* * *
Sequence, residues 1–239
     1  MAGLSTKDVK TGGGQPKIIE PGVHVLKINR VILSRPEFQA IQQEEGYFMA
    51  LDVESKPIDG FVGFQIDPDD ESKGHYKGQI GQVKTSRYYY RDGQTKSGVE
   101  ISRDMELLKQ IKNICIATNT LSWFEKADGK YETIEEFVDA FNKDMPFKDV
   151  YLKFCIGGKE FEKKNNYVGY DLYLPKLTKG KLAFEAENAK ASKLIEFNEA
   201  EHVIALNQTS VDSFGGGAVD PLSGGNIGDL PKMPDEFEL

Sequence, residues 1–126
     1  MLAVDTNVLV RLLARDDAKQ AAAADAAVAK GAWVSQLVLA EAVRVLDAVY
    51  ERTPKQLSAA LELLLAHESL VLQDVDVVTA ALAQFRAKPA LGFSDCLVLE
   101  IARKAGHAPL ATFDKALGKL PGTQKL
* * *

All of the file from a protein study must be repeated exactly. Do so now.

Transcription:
Sequence, residues 1–239
     1  MAGLSTKDVK TGGGQPKIIE PGVHVLKINR VILSRPEFQA IQQEEGYFMA
    51  LDVESKPIDG FVGFQIDPDD ESKGHYKGQI GQVKTSRYYY RDGQTKSGVE
   101  ISRDMELLKQ IKNICIATNT LSWFEKADGK YETIEEFVDA FNKDMPFKDV
   151  YLKFCIGGKE FEKKNNYVGY DLYLPKLTKG KLAFEAENAK ASKLIEFNEA
   201  EHVIALNQTS VDSFGGGAVD PLSGGNIGDL PKMPDEFEL

Sequence, residues 1–126
     1  MLAVDTNVLV RLLARDDAKQ AAAADAAVAK GAWVSQLVLA EAVRVLDAVY
    51  ERTPKQLSAA LELLLAHESL VLQDVDVVTA ALAQFRAKPA LGFSDCLVLE
   101  IARKAGHAPL ATFDKALGKL PGTQKL